1865         Thomas Hillier (London); first cutaneous nephrostomy
1870         Edwin Klebs; coined the phrase 'glomerulonephritis'
1872         William Gull and Henry Sutton (London); hypertension ("arteriocapillary fibrosis") was the cause rather than the consequence of renal disease
1874         Frederick Akbar Mahomed (London); published 'The Etiology of Bright's Dsease and the Prealbuminuric Stage'; ie, believed all cases of nephritis went through a prealbuminuric stage
1877   Wegman; conducted experiments using peritoneal lavage in animals      
1879         Theodr Langhans; noted glomerular hypercellularity in glomerulonephritis
1880 John Berry Haycraft (Birmingham/Edinburgh); first derived hirudin (an anticoagulant) from leeches        
1881         Eugen Hahn (Berlin); first renal biopsy as part of nephropexy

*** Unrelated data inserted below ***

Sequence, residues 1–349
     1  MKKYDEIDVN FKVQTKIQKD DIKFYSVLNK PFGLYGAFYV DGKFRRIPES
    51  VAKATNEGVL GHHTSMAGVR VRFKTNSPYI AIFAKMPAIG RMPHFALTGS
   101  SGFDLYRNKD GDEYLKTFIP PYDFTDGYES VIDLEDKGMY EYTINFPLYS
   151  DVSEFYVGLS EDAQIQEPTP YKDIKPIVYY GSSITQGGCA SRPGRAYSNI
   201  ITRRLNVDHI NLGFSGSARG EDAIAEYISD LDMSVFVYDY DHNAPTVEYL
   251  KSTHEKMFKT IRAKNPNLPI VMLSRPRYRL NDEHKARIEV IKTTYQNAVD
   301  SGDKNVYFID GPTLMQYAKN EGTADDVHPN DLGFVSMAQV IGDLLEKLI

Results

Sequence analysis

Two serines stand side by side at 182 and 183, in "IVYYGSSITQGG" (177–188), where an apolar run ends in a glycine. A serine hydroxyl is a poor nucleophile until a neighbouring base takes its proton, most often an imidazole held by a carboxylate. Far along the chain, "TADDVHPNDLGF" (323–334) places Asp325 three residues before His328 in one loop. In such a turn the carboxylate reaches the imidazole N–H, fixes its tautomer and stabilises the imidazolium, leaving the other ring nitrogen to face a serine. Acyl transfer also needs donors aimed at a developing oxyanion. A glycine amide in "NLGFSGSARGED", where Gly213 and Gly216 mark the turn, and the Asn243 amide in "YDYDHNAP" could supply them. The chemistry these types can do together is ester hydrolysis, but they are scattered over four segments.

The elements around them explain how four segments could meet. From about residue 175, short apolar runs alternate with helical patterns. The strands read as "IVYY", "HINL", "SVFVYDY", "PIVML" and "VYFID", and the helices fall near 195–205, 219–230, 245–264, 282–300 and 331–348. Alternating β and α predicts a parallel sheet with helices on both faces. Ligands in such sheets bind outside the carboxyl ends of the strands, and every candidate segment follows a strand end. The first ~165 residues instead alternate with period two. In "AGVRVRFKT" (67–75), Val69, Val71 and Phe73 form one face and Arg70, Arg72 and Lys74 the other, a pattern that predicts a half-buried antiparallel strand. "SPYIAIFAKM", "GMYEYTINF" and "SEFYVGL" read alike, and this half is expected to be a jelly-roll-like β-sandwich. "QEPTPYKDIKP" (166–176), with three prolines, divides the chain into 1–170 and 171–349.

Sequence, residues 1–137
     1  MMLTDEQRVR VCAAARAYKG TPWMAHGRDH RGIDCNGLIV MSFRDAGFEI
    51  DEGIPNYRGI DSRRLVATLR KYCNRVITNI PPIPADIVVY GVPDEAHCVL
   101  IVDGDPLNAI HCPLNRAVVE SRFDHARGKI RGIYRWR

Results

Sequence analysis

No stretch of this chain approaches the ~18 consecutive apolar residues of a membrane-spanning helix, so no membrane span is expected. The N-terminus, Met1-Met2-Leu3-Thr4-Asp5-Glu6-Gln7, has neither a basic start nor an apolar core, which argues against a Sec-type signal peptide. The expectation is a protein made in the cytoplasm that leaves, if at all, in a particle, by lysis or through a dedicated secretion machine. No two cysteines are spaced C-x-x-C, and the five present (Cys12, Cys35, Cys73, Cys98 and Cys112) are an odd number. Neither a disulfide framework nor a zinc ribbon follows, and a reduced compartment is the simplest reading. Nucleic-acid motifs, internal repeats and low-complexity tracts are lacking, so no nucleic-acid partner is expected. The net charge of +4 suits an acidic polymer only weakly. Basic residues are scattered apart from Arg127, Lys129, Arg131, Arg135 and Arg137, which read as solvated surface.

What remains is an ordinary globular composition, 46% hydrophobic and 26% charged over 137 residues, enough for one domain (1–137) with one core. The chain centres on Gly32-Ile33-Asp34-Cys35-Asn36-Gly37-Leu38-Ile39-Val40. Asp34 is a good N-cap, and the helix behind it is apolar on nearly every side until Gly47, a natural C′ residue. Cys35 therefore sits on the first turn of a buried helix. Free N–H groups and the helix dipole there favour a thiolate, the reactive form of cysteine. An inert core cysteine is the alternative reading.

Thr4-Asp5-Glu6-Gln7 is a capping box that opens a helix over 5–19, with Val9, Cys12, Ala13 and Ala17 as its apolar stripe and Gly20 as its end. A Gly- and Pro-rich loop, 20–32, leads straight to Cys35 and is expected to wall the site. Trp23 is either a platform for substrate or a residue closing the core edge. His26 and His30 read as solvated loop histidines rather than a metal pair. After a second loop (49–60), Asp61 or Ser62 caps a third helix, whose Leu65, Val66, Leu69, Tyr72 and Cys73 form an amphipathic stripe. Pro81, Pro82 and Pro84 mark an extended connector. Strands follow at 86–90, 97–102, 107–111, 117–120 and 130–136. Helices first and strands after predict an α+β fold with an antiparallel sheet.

1883         Rudolph Heidenheim (Breslau, Germany); concluded the principal urinary transport process was in the proximal tubule
1893     Bartolomeo Gosio (Rome); discovered Mycophenolic acid (MPA); a fungal metabolite discovered as an antibiotic against anthrax bacillus, Bacillus anthracis    
1894         Leopold Casper (Berlin); first ureteric cystscope
1895     Julius Dorfler (Germany); first developed full thickness blood vessel suturing technique    
1896     Mathieu Jaboulay and E Braiu (Lyon); further developed full thickness blood vessel suturing technique    
1897         Achard and Castaigne; first to develop a dye excretion test; noted that the excretion of injected methylene blue was delayed in patients with renal failure, but normal in other oedematous states
1898         Robert Tigerstedt and Per Bergmann; isolated a pressor substance from the kindeys they called 'rennin'
1901     Karl Landsteiner (Vienna); classifies blood type into three groups A, B and O; his colleagues adds a fourth AB